According to the most recent CDC statistics, there are approximately 80,000 alcohol related deaths in the United States each year. Alcohol abuse is considered one of the most preventable causes of death in the US, alongside tobacco use and poor diet and lack of regular exercise.
Alcoholics Aren’t Always Easy to Spot
The most prolific stereotype surrounding alcohol abuse is that every addict is destined to end up in a drunken, slovenly heap in a back alley. This couldn’t be further from the truth. Sadly, the reality of alcoholism in today’s society often looks like the people we know, respect, love and depend on in our daily lives.
Sure, we tend to think of college keggers and hole in the wall dive bars when we consider alcoholism, but studies have shown that a large majority of Americans struggling with alcohol abuse have become so adept at hiding their addiction, the disease may be overlooked until some event brings it to light.
Short-term and Long-lasting Effects of Alcohol on the Body
The physical effects of alcohol abuse are devastating to the human body, and this is apparent in all alcoholics’ bodies on some level. However, the more blatant tells like a rosy nose or shaking hands are easier to cover than deeper physiological changes that occur from within. When the body cannot process alcohol properly, it inevitably leads to a breaking down of internal organ function.
Whether a person staggers, stumbles, falls, or passes out cold; alcohol is no friend to equilibrium. Not only does one’s balance suffer, but impaired judgement, slow reaction time, and even death is possible when over-indulgence of alcohol occurs.
It’s the long-term effects of alcohol accumulation in the body that result in organ failure such as cirrhosis of the liver, heart diseases, and even some cancers.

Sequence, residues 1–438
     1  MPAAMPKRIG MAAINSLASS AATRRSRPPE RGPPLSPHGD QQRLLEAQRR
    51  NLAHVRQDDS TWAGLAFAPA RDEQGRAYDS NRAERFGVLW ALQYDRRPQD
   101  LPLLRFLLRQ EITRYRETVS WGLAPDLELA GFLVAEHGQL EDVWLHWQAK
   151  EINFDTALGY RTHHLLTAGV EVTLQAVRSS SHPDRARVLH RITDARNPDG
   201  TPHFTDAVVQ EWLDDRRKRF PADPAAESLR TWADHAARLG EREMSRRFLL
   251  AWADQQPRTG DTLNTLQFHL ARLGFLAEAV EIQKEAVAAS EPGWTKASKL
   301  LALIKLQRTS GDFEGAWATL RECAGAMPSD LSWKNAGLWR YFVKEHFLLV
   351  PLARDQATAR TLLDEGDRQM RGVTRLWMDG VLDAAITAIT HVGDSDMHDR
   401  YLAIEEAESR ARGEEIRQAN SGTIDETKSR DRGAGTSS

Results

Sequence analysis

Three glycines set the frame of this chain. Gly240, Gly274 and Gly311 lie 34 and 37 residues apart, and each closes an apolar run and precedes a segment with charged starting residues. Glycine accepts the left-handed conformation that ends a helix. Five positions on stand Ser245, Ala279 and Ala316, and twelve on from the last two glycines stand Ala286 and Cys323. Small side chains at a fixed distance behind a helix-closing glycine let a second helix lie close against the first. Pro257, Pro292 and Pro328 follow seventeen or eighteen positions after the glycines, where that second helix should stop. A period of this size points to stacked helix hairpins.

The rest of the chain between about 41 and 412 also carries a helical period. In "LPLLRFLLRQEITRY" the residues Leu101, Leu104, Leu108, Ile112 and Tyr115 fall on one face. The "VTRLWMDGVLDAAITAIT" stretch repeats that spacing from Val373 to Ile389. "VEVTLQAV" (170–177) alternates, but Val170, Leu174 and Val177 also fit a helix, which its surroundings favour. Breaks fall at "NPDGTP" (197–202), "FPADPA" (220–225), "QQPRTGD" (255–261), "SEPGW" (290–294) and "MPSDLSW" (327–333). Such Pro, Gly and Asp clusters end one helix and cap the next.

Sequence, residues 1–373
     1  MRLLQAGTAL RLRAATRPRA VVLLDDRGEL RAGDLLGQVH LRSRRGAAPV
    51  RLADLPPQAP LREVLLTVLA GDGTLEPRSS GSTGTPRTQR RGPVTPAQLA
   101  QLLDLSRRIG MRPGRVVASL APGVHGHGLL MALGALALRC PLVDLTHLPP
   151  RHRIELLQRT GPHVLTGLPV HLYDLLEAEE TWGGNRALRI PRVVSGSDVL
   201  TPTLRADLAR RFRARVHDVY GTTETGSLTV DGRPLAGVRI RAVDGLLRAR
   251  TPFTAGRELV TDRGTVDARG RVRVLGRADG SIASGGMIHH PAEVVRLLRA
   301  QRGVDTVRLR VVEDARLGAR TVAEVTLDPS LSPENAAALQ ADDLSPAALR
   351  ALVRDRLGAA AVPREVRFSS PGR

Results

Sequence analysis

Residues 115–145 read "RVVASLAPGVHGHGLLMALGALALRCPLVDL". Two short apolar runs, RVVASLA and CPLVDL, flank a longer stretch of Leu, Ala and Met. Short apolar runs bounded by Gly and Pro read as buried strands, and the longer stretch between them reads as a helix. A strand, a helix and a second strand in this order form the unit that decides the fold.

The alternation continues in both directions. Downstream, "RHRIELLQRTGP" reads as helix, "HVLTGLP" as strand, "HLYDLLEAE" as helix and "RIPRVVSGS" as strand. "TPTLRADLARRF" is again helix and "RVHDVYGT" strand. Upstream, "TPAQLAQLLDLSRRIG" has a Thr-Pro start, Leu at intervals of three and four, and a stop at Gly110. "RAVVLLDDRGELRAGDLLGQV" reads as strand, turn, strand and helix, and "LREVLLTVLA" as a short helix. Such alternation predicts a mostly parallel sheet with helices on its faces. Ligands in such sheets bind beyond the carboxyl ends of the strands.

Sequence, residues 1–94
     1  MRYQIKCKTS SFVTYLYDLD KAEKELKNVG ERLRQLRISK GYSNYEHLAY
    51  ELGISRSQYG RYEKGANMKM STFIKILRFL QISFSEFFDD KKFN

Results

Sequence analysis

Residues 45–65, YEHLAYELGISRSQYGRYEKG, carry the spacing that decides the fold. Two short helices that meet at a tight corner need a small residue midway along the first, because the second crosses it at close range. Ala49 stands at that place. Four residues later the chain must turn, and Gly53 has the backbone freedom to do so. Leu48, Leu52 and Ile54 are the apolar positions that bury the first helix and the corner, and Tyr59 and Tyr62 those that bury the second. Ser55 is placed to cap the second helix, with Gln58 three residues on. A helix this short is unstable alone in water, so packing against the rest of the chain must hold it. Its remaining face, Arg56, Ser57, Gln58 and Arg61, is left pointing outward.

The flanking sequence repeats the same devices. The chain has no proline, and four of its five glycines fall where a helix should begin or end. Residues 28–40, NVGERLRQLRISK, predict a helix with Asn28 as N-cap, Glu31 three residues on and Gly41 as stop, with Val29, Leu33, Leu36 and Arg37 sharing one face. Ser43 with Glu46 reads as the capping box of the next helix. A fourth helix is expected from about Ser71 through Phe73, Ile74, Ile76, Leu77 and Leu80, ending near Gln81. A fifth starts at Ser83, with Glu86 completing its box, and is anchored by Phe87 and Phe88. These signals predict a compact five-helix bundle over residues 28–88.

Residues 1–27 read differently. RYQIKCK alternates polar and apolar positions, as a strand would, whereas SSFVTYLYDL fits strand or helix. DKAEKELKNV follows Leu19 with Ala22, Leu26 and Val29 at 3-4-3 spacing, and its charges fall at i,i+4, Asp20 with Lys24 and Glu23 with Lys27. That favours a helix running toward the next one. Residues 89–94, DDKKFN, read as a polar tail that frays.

Alcoholism is on the Rise in Women
Historically, binge drinking has been perceived as a male inclination, but newer studies that women are quickly catching up to their counterpoints in this area of alcohol addiction. Beverages marketed toward women are only partly to blame for this increase, and data shows that the rise in female alcoholism is likely to continue without major changes in societal standards.
Aside from the effects that alcoholic beverages have on the body, the dangers to women involving sexual assault, driving accidents, domestic abuse, and are amplified empirically the more a female drinker imbibes.
Moms Got MADD, and Drunk Driving Deaths Decreased
If you have ever been in a situation where a friend or family member insisted they were sober enough to drive, there is no better way to avoid tragedy than by assigning a designated driver or calling a ride or taxi for that person.
Not only will you help them arrive home alive, but you have the peace of mind that they won’t be endangering others sharing the road. Thanks to programs like MADD (Mothers Against Drunk Driving) deaths by drunk drivers have decreased immensely. Please, don’t drink and drive.